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Re: A possible design to incorporate collections and containers into RDFa? [ISSUE-16]

From: Ivan Herman <ivan@w3.org>
Date: Sat, 28 Aug 2010 11:05:56 +0200
Cc: W3C RDFa WG <public-rdfa-wg@w3.org>, Jeni Tennison <jeni@jenitennison.com>
Message-Id: <ADF4757D-0533-42E2-A11C-7DABA9D2F561@w3.org>
To: Christoph LANGE <ch.lange@jacobs-university.de>
Hi Christoph,

On Aug 28, 2010, at 24:27 , Christoph LANGE wrote:

> Hi Ivan, hi all,
> 
> 2010-08-25 13:40 Ivan Herman <ivan@w3.org>:
>> http://www.w3.org/2010/02/rdfa/wiki/ContainersAndCollections
> 
> good news  I also welcome collection/container support in RDFa!
> 
> I have comments on the "possible questions" 2 and 3:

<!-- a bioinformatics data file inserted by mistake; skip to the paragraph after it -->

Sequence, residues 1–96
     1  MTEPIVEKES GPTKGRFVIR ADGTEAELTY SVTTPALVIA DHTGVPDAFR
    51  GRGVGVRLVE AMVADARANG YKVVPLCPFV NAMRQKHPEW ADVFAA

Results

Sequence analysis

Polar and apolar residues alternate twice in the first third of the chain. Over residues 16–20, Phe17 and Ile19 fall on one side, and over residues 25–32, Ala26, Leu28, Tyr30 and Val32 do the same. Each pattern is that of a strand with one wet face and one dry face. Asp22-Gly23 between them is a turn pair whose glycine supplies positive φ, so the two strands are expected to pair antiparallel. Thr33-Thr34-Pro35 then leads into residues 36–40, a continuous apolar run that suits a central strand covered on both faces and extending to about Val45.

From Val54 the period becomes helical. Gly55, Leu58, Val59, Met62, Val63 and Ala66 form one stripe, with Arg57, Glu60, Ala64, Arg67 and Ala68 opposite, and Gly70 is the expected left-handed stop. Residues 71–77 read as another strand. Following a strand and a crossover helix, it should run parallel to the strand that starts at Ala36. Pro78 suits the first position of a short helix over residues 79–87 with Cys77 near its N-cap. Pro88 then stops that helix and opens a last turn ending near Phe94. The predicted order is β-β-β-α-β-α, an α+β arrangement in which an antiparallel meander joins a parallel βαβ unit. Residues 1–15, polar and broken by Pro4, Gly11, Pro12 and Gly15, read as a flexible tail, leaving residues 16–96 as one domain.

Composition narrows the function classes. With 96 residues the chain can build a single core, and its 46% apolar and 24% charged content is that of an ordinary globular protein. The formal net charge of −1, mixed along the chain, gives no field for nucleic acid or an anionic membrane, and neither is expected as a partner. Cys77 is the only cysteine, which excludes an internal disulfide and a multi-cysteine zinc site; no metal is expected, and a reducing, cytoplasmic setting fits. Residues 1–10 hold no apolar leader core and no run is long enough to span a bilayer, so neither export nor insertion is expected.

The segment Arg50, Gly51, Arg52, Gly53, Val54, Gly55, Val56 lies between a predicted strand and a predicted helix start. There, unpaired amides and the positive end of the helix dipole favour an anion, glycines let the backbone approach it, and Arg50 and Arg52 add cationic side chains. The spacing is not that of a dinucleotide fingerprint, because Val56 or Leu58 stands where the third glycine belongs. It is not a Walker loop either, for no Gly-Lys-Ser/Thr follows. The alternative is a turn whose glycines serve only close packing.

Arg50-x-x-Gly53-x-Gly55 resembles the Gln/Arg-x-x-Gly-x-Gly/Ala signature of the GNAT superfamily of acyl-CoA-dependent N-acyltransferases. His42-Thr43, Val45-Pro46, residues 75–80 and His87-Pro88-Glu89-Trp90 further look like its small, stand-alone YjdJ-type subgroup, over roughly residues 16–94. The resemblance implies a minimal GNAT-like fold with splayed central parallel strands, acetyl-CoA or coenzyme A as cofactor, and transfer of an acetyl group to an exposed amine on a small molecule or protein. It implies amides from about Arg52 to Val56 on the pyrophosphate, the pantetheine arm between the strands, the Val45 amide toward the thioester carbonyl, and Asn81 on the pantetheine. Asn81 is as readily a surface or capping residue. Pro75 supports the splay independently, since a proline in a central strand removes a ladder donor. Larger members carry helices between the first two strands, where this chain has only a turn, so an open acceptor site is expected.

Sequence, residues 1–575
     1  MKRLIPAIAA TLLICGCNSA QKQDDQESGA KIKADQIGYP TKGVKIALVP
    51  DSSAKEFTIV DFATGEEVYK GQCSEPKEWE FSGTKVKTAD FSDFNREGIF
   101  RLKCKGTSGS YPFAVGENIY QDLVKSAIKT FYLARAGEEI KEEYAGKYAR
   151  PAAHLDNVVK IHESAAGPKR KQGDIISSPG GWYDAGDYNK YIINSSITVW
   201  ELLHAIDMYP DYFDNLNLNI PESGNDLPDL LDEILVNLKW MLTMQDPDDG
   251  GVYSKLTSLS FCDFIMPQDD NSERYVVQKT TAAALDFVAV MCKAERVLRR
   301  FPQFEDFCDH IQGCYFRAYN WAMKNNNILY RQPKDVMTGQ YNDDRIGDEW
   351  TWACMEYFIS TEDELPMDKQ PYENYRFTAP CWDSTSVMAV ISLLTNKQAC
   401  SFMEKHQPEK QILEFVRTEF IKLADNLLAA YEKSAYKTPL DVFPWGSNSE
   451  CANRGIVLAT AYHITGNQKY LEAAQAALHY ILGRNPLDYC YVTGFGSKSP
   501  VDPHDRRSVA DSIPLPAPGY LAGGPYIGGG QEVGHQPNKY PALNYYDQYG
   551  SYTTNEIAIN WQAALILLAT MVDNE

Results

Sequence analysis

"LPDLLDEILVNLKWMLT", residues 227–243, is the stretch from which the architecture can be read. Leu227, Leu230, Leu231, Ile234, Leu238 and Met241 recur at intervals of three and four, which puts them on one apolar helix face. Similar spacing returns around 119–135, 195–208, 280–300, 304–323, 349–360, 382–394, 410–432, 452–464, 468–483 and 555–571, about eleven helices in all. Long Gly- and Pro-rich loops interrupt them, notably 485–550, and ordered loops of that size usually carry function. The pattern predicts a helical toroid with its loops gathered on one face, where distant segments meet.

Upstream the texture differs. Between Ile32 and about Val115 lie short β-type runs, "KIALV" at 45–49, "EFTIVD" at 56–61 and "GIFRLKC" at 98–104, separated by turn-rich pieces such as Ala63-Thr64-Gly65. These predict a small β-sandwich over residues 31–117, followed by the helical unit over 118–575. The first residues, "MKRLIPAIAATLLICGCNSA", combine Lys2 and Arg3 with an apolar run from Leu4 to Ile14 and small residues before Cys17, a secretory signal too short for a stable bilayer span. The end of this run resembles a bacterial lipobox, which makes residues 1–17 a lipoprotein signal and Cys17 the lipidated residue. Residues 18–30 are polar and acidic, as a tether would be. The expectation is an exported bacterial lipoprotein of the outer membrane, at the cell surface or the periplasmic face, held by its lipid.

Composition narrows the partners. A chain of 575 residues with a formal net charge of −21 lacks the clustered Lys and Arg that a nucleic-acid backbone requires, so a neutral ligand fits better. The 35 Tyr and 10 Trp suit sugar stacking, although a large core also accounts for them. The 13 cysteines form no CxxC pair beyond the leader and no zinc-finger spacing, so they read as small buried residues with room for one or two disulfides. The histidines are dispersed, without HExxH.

> 
> 2. On containers:  Why do we need a special syntax involving pseudo resources and container preprocessing at all?  Wouldn't standard RDF already work?  E.g.
> 
> <li about="http://www.worldcatlibraries.org/isbn/9780262912423" typeof="bibo:Book">
>   <em property="dc:title">A Semantic Web Primer</em>, by
>   <span rel="dc:creator" typeof="rdf:Seq">
>     <span property="rdf:li">Grigoris Antoniou</span> and
>     <span property="rdf:li">Frank van Harmelen</span>
>   </span>
> </li>
> 
>  or, instead of rdf:_1, rdf:_2  as the author prefers 
> 
> would yield the desired result, as @typeof="rdf:Seq" also generates a bnode.
> 

Well... it looks like the same but it isn't... (Set aside the usage of @typeof vs. @resource, see below.) There are two (in my view) significant issues.